Kate Carmody first saw hemp growing on a farm while travelling around Europe as part of an EU- funded project called Trade It.
“What I liked was that it appeared to be very environmentally friendly. I have a field that’s very waterlogged. I needed a cover crop that would rejuvenate the land and produce a yield.
"It was all rushes, a real quagmire on four acres. So I needed something to cover the weeds and break the substructure. I could have put in grass for silage, but I’ve loads of grass. So I looked to hemp.”
It’s quite a long winded and unwieldy process to get started.
“I have a contract from the International Hemp Builders Association, you need a contract to begin. So this hemp is grown for fibre.”
Though it’s an agricultural product for the building trade, the application process to grow hemp does not go through the Department of Agriculture.
Instead, Carmody had to go through an agency called the Health Product Regulatory Authority (HPRA) - formerly Irish Medicines Board.
Her hemp is the same plant as cannabis, which is a “controlled substance”, but with less than 0.2% THC (tetrahydrocannabinol), and is legal to grow, albeit with restrictions.
The crop cannot be visible from the road, and that has to be proven in advance, via mapping. Carmody also had to get Garda clearance.
Once all documentation was submitted, the process (it’s rare enough, with hardly anyone else growing the crop) still took some time. But her licence arrived in late May, and planting began.
Just under four acres are in hemp, which should yield five to six tonnes of dry matter per acre. For this 96 kg of the seed was planted.
Then there was a drought, with a rare run of sun.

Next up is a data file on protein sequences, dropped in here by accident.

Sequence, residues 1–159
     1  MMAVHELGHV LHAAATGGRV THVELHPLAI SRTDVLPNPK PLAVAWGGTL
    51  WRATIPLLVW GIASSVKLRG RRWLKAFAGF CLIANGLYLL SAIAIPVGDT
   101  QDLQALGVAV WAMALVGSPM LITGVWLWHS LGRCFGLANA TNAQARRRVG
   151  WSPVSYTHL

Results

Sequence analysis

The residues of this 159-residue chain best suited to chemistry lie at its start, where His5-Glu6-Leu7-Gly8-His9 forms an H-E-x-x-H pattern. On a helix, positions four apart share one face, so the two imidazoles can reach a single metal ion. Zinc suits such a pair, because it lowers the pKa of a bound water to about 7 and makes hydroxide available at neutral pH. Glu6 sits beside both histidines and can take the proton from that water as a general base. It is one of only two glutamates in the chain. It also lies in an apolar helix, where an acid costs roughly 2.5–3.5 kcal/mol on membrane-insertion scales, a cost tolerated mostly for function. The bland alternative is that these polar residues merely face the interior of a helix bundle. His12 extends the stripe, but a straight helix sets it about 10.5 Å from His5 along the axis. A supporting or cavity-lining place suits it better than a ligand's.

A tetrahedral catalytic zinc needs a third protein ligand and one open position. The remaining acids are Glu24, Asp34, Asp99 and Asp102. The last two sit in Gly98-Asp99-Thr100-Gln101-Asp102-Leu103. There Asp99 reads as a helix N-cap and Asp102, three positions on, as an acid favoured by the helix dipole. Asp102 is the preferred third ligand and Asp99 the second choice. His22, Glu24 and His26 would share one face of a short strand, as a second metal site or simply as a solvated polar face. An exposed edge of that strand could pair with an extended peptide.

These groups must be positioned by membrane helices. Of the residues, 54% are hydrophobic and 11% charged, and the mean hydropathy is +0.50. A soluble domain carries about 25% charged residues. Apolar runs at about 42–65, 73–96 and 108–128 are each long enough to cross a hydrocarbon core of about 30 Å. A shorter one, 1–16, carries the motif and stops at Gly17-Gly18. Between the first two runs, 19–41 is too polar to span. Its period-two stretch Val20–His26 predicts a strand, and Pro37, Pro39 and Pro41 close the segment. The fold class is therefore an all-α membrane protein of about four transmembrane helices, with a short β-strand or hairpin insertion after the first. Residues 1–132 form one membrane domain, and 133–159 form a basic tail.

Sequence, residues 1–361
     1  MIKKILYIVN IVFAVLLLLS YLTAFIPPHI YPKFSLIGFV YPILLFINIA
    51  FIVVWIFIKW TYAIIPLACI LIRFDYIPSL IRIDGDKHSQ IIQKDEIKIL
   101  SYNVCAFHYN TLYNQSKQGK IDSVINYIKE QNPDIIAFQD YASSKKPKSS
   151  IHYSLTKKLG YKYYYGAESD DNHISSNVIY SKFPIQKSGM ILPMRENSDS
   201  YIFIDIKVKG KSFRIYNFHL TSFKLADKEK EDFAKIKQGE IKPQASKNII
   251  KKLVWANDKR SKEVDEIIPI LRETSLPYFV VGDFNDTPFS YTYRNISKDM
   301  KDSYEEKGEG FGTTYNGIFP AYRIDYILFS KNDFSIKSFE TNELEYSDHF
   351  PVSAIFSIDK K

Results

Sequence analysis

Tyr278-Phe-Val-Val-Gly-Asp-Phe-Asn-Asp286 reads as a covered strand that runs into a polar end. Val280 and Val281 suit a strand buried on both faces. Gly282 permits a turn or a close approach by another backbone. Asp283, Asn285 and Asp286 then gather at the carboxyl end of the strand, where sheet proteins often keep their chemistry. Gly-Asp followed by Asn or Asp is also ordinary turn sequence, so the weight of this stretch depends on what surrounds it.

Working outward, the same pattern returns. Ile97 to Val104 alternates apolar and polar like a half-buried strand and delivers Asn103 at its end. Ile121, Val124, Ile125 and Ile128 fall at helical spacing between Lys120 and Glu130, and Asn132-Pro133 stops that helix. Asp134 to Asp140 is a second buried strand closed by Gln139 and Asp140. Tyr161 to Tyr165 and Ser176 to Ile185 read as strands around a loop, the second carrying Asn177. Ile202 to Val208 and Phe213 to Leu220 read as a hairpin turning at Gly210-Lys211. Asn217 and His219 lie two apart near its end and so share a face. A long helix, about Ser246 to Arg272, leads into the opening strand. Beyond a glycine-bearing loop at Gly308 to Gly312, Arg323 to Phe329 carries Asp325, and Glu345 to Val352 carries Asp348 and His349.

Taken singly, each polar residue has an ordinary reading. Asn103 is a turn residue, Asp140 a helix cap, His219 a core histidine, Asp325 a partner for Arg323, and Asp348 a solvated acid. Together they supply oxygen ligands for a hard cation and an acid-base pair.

However her coastal location kept the plant alive, with a sea mist most mornings. Once the rain came, the crop grew rapidly. It’s already over six feet tall.
“The building company came over and were very impressed with it, they said it was a superb crop.” And soon it will flower. Then the Kerry farmer will have organic hemp seed, a very rare commodity.
Before harvesting a process known as retting occurs — essentially the weakening of the cell tissues, to separate the fibres from the stem. After this, a cover crop will go in for the winter.
“I’ve had no issues with growing it, I’m amazed by it. Every time you turn your back, it’s growing! So far, it seems ideal for an organic system, as it doesn’t need fertiliser.
"Once ground is well nourished, good P and K content, good lime levels, any good ground will grow it. It also doesn’t need pesticides or herbicides.”
“As it’s a new crop, planted for the first time, I’ll have to see what kind of after-grass I get. I’ll be putting in forage rye to cover the ground, then I’ll put grass in, so I’m interested to see if the rushes come back.
"It may be a solution for this part of the world. We have difficult land in this region, lots of reseeding is needed. A hemp industry could be very beneficial.”
The cumbersome process didn’t put her off.
“I like the challenge. It’s hard to get a licence, but I like challenging the system, it’s one of my favourite occupations in my old age.”
Another idiosyncratic Kerry character seems to be on her side.
Michael Healy Rae was quoted last week as saying “There needs to be a reasoned and sensible debate around the benefits of growing hemp, and the financial benefits for any growers.”
Thanks to one of his constituents, we have already moved past talk and into action.